Pinyin Typist is an app for the iPhone and the iPad which allows for easy pinyin input with proper tone marks. Note that it is not an input method; you can’t use this app to switch between English and pinyin input like you can with Apple’s built-in language input support. But it turns out that Pinyin Typist works even better as an app rather than an input method.
In the screenshots below, I’ve used the iPad version of the app. Note that you can adjust size of the pinyin text (larger text makes pinyin tone marks much easier to make out). Pinyin tone input works pretty much as expected; just type out a syllable, then hit a number to add the tone mark. You can be pretty sure that tone marks are implemented correctly, because even Mark Swofford (of pinyin.info) has given it the nod. I have found no problems with it.
In case it’s not entirely clear, the way to use this app is to open Pinyin Typist, type pinyin with tone marks, then hit the app’s handy “Copy” button, switch to another app (like the “Mail” app pictured above), and paste in the pinyin.
[Update: clarification from the developer] Actually, in Pinyin Typist you can also directly email the text in its Pinyin Typing tab view, and you can also directly email the title and text of a saved snippet from its Snippets tab view, without leaving the app and switching to another one. (The button that reveals those direct emailing commands is the one on the top right.)
I find switching apps to type pinyin and copy it over is actually a good way to do it, simply because I don’t use pinyin very often. Yes, I do use it occasionally, and for those occasions this app is very handy. But if the pinyin were an actual input method, it would be pretty annoying to have to cycle through it every time I wanted to switch between English and Chinese input (which is often). I had to remove Chinese handwriting input because pinyin input is almost always faster to input, and having the extra input method there in the way was just too annoying.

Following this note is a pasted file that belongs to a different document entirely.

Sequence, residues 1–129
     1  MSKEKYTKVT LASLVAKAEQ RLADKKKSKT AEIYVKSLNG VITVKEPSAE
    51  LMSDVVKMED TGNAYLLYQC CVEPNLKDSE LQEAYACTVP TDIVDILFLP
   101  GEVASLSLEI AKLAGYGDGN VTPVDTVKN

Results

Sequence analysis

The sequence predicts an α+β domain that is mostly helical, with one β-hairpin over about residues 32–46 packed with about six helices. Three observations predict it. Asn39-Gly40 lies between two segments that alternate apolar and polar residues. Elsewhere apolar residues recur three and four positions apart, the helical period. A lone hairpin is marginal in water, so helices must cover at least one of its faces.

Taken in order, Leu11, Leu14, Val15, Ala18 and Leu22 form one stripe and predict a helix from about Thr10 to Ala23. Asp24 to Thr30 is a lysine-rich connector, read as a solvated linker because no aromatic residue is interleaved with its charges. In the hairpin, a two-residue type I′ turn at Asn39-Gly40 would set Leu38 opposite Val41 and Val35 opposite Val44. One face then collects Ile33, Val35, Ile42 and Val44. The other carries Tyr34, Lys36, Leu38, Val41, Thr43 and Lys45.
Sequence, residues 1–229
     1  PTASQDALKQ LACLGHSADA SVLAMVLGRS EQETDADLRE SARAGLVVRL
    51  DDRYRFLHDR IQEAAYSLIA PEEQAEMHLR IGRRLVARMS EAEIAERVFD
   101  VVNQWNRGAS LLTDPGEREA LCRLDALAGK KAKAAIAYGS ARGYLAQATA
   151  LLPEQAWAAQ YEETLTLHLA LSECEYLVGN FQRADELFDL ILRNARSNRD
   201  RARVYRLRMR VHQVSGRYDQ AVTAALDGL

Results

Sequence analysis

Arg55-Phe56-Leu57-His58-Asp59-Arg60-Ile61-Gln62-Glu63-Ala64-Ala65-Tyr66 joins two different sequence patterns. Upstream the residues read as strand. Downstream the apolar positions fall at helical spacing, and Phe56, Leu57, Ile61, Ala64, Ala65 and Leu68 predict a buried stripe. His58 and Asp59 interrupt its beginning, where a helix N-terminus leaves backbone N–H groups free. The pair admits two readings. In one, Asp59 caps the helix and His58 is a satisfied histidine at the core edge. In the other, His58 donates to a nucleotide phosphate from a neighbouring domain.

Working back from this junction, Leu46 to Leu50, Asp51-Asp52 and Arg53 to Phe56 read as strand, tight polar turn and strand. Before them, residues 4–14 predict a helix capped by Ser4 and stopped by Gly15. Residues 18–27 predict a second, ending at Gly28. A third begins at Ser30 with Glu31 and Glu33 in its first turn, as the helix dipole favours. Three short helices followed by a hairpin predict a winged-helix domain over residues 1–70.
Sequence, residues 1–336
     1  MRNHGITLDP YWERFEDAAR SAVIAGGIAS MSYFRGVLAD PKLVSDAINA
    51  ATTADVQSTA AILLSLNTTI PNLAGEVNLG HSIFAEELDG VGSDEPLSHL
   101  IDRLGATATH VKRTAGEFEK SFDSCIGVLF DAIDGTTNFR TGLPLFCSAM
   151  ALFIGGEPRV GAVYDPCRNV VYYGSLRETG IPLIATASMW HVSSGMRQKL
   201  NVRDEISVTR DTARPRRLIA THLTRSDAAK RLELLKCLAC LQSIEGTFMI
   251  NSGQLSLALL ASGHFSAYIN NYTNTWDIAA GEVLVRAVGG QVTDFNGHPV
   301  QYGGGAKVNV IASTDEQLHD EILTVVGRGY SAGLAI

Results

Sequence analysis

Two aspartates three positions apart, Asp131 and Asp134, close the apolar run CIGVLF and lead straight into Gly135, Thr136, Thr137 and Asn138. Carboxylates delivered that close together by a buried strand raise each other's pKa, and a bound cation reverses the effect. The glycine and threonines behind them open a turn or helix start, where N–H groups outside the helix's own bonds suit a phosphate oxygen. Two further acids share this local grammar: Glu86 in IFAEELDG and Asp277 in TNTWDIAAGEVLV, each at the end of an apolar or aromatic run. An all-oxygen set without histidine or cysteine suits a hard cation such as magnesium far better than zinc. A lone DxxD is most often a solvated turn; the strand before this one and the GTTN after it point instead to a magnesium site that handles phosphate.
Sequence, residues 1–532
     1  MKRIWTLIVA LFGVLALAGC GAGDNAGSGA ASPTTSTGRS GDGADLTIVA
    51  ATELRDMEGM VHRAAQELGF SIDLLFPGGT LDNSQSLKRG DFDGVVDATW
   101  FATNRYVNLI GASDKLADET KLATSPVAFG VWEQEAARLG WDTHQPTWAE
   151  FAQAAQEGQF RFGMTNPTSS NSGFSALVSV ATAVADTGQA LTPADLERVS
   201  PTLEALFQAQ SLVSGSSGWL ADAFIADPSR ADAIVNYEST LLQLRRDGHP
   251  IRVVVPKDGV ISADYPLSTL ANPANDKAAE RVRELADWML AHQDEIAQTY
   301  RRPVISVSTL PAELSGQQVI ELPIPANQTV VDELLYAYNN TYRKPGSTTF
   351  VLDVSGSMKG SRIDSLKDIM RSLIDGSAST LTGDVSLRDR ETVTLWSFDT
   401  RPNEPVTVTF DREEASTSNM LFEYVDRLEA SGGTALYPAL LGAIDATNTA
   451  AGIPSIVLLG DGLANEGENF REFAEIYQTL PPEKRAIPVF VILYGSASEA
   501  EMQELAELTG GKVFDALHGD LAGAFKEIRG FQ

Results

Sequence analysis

The one problem I have found with the app is that because I’m actually typing in English mode, iOS’s autocorrect (damn you, autocorrect!) sometimes “corrects” a pinyin syllable. This isn’t a problem when there’s a tone mark on the syllable, but it’s sometimes a problem when the syllable has a neutral tone. For example, when I typed “zhīdao” above, iOS originally correct it to “zhīSao” (no idea why). It’s a fairly minor issue, though.
The app is not free (it’s currently $2.99), which raised in interesting question for me: how important is it to be able to type pinyin on iOS? I’ll admit that I use pinyin a lot more on my regular computer than on my iPhone or iPad. I do need to frequently provide pinyin for AllSet Learning clients, but not via my iPhone or iPad. It seems like this app would be especially useful for a Chinese teacher who frequently texts students, or who sends a lot of email on an iPad or iPhone.
I raised this issue with the developer of the app, Wayne. He’s also very interested in learning more about how potential users will use his app. As a result, he volunteered to provide 5 free copies of Pinyin Typist for Sinosplice commenters who leave an insightful comment below and explain why the app will be useful to them on their iPhone, iPad, or iPod Touch. (If you have other comments about the price, you can leave those too, but be nice.) The developer will choose the 5 winners from the comments himself, and I’ll provide him with the email addresses so that he can award the app to the 5 winners (so be sure to use your real email addresses; the blog will never publicly display them).
Update: The developer has chosen the 5 winning commenters; you should be hearing from him shortly!